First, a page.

JAKARTA (AFP) – New Indonesian President Joko Widodo has pledged there will be no pardons for drug traffickers on death row, including several foreigners, drawing criticism Wednesday from rights groups.
Two Australian drug smugglers, part of the “Bali Nine” group caught trying to smuggle heroin, are on death row as well as a British grandmother arrested for attempting to smuggle cocaine into the country.
The Australians, Andrew Chan and Myuran Sukumaran, lodged an appeal for clemency with Indonesia’s previous president, their last chance to avoid the firing squad after their final court appeals were rejected.
British grandmother Lindsay Sandiford, sentenced to death last year, has lost her final appeal in court. It is not clear whether she has yet lodged a request for a presidential pardon.
However Widodo, who took office in October, insisted that the 64 people on death row in Indonesia for trafficking drugs would face the firing squad, dashing hopes he would take a softer line on capital punishment.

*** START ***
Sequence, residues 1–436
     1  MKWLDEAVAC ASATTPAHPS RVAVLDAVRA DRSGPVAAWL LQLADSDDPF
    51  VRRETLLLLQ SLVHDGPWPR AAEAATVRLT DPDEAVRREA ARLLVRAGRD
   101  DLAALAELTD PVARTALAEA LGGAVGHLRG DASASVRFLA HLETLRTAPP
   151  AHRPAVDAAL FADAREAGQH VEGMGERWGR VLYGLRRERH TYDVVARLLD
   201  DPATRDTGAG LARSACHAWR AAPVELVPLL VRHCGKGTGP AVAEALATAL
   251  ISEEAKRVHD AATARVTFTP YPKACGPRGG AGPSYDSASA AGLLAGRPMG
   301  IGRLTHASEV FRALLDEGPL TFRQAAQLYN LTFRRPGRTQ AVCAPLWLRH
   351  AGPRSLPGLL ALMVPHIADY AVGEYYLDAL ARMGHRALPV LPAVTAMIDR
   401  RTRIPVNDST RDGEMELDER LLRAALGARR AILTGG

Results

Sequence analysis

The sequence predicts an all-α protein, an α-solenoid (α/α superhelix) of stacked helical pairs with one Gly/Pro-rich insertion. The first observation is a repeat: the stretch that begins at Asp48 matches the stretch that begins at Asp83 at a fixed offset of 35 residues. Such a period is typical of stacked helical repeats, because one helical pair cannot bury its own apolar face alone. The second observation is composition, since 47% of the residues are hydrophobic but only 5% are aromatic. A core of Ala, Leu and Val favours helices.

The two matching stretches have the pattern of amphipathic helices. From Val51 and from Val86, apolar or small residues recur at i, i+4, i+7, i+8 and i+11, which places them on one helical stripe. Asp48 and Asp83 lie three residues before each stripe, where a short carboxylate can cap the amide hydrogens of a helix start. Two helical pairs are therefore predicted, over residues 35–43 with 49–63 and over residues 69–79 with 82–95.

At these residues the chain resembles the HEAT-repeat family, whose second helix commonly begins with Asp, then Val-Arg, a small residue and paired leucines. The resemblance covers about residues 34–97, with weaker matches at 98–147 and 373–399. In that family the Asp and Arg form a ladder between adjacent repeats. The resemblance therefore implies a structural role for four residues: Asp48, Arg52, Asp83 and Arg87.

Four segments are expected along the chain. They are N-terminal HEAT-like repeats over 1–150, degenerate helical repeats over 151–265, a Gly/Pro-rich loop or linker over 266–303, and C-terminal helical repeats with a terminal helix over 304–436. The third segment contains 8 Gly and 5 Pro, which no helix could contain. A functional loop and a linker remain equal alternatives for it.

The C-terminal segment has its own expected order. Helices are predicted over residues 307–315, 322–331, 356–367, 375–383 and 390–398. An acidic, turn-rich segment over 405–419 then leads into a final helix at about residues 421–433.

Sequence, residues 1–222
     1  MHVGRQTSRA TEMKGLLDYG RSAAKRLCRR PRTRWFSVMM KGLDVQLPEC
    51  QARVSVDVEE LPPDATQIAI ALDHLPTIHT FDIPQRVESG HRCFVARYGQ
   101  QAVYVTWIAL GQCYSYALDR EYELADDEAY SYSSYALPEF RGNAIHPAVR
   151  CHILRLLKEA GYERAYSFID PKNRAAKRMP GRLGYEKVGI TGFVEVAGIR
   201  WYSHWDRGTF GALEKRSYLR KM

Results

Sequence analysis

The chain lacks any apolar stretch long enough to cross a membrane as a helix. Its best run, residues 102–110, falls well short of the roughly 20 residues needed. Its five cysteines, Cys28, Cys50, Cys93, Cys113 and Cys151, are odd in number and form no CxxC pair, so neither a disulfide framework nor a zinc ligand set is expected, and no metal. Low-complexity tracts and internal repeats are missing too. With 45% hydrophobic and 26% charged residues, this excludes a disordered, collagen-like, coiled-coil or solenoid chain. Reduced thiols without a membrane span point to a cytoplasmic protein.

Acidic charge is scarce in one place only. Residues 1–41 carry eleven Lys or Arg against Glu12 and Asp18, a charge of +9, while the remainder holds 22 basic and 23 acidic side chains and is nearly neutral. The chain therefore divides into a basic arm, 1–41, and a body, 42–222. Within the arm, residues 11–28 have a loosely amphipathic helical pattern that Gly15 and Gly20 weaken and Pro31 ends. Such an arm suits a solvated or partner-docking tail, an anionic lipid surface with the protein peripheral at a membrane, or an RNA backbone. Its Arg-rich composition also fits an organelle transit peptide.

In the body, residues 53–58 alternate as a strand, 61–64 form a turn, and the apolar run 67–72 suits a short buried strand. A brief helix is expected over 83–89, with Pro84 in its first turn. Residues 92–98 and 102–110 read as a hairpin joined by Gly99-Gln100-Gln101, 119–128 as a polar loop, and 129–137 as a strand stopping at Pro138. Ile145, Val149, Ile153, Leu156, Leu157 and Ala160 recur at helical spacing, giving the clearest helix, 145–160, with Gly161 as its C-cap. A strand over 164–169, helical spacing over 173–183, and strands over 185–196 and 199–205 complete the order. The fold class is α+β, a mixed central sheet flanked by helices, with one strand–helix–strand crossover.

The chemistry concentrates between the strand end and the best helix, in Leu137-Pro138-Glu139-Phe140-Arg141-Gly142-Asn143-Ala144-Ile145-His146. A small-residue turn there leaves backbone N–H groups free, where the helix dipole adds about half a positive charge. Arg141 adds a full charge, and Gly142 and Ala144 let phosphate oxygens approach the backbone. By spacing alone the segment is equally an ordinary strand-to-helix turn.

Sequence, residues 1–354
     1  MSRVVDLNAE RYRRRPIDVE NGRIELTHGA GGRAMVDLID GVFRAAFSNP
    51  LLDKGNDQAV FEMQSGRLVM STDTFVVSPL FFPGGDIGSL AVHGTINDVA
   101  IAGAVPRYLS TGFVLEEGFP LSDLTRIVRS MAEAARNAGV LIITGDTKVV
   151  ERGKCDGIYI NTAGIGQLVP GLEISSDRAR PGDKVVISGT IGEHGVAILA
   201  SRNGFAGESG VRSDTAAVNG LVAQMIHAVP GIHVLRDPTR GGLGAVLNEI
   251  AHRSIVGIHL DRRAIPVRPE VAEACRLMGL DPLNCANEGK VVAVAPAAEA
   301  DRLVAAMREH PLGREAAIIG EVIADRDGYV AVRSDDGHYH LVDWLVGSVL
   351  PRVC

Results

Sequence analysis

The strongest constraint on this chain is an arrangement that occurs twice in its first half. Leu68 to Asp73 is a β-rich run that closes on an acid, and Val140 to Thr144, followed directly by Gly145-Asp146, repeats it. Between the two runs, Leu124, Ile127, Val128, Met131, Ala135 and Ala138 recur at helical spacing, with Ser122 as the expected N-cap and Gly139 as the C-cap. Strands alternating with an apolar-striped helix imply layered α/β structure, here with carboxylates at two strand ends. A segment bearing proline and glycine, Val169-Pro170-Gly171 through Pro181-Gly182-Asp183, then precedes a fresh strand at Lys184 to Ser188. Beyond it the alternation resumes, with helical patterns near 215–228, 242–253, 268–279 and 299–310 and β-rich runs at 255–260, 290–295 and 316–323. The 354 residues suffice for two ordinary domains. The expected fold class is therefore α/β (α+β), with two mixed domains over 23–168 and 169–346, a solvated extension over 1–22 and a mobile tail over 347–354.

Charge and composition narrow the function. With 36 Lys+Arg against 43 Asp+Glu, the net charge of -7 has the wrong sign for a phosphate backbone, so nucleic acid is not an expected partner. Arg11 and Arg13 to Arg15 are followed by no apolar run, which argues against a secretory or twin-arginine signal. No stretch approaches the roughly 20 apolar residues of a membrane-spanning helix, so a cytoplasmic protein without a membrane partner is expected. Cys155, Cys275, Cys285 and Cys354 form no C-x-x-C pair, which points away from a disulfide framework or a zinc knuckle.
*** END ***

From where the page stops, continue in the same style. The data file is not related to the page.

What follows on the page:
“There is no pardon for this matter,” he told an audience of students late Tuesday in Yogyakarta in central Java. “I think we are aware that Indonesia is in a state of emergency due to drugs.”
Widodo said that up to 50 young Indonesians die every day from drug use and there were 4.5 million drug users in the country.
Indonesia enforces some of the world’s toughest punishments for narcotics offences and there is strong public support for putting drug traffickers to death.
But Roichatul Aswidah, from the National Commission on Human Rights, criticised Widodo’s statement as “unexpected”.
“The right to life is a non-negotiable right that must not be limited for any reason,” she was quoted as saying by the Jakarta Post newspaper.